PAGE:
What are all these tests for?
In New Zealand, as across the world, routine tests in pregnancy are recommended. These tests screen for potential problems and help to predict risks to your health and that of your baby. They help us to provide better care for you and your baby.
- A hemoglobin test checks to make sure your blood is able to carry enough oxygen and iron.
|Blood group and antibody screen
- This checks for your blood type (A,B,O or AB), Rhesus factor and any unusual red cell antibodies.
- If you are Rhesus Negative, you will require an injection called "Anti-D" if you bleed or if you have any invasive treatments during pregnancy.
- We also recommend that you have an Anti-D injection at 28 and 34 weeks as a routine.
- This injection may also be given to you after delivery if your baby’s blood group is positive.
- Checks for immunity to Rubella (German measles).
- Babies are at risk of abnormalities if a mother has rubella infection in the first three months of pregnancy.
- Most women are now immune to rubella, having already been vaccinated at school.
- This test will clarify your immunity status to Rubella.
- Checks for past exposure or immunity to Hepatitis B.
- This is a virus which infects the liver and can remain in the blood for many years without any sign of illness.
- The Department of Health recommends that all pregnant women are screened for this virus because if the mother is a carrier, the infection can be passed on to the newborn.
- Immunisation can be started at birth to prevent infection of these babies and allow them to grow up as healthy children.
- Screens for possible exposure to Syphilis, a sexually transmitted disease.
- This disease is now rare. However, testing is recommended because this infection can cause serious damage to babies when untreated.
- Treatment of the mother with penicillin will control the infection and prevent serious effects developing in babies.
- Screens for possible previous exposure to HIV, the virus that causes AIDS.
- Although this infection is relatively uncommon in New Zealand, the Department of Health recommends offering this test routinely, and encourages all pregnant women to have it.
- HIV can occur with no specific signs of illness, and can be passed from mother to baby during pregnancy, at delivery or through breast-feeding.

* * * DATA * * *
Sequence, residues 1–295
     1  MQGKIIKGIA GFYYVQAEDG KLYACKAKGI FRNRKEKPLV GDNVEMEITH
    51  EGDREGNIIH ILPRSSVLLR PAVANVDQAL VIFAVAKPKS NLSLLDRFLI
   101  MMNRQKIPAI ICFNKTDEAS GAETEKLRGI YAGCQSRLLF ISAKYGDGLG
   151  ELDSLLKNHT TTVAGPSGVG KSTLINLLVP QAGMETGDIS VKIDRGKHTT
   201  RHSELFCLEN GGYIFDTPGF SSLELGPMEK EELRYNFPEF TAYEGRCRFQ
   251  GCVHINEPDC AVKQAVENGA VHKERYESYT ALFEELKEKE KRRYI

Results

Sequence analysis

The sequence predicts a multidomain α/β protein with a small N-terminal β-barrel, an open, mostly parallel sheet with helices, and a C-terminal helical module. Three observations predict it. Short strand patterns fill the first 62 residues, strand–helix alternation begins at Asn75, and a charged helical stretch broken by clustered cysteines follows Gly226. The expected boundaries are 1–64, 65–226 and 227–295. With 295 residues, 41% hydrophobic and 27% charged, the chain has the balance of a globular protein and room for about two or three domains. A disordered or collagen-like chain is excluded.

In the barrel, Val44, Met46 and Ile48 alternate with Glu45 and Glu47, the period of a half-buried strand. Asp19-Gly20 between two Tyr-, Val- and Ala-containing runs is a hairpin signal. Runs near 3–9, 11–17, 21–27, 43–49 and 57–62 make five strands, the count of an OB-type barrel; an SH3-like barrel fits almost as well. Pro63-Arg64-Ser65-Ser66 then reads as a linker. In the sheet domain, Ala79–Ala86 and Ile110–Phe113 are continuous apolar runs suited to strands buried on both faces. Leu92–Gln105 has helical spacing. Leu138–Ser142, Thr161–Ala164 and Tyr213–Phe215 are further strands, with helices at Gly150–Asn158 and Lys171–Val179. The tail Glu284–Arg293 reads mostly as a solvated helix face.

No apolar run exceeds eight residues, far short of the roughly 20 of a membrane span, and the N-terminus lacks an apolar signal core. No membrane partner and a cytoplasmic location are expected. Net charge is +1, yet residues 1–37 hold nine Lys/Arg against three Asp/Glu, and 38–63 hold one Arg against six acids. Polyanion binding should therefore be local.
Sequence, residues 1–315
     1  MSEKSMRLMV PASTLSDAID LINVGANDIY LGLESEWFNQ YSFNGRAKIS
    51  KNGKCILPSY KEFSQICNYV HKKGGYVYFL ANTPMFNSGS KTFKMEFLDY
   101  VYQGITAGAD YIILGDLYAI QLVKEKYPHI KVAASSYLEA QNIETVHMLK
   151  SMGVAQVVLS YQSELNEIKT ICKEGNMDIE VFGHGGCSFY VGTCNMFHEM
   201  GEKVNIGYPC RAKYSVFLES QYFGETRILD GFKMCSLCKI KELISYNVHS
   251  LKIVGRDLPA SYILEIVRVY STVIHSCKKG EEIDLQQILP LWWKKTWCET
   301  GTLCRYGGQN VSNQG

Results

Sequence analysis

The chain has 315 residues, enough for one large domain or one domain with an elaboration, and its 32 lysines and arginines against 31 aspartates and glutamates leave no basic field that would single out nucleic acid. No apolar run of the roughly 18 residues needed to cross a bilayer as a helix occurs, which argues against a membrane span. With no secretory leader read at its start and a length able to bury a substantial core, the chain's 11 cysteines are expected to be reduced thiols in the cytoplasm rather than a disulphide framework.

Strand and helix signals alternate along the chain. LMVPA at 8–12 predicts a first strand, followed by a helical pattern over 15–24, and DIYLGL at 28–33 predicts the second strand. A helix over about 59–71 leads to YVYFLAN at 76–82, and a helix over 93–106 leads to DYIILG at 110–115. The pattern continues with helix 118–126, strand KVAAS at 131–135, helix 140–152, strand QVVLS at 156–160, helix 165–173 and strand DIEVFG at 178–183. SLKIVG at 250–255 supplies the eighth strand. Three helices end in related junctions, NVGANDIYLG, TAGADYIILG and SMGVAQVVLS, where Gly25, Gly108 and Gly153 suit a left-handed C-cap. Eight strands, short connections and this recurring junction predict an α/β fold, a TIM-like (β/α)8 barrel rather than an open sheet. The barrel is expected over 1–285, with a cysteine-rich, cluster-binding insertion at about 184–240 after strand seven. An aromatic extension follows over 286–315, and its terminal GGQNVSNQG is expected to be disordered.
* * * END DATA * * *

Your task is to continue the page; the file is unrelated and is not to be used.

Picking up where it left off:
- Infection from mother to baby can be greatly reduced by newer forms of treatment of mothers during pregnancy and of newborn babies.
- Screens for Gestational diabetes and is recommended at 28 weeks or earlier if there are other risk factors present.
- Some women develop Gestational Diabetes, a problem with sugar or glucose control, during pregnancy. Gestational diabetes may lead to a big baby.
- Treatment with insulin may be necessary to reduce though not eliminate this risk.
- Furthermore, the chances of you developing diabetes after pregnancy is also increased so you will need at least yearly check ups with your own GP after pregnancy.
- Screens for cervical cancer. If your smear is due to be done, we can do this during your pregnancy or after your baby is born.
- Screens for sexually transmitted infection and bacterial vaginosis.
- Screening for Group B Streptococcus is offered at 36 weeks. This bacteria normally lives in the vagina but in 1 in 1000 cases can cause the baby to become very sick in the first week of life.
- Screening at 36 weeks will help us to identify babies at risk of this disease. If the bacteria is identified, you will be given antibiotics during labour to prevent transmission to your baby and reduce the risk for infection.
- Checks for sugar and protein in your urine.
- Screens for urinary tract infection and kidney problems.
- Ultrasound creates a picture of your baby on a computer screen using sound waves.
- It provides information on how many babies there are, your baby’s due date, your baby’s position, how well your baby is growing, the location of your baby’s placenta, and any abnormality.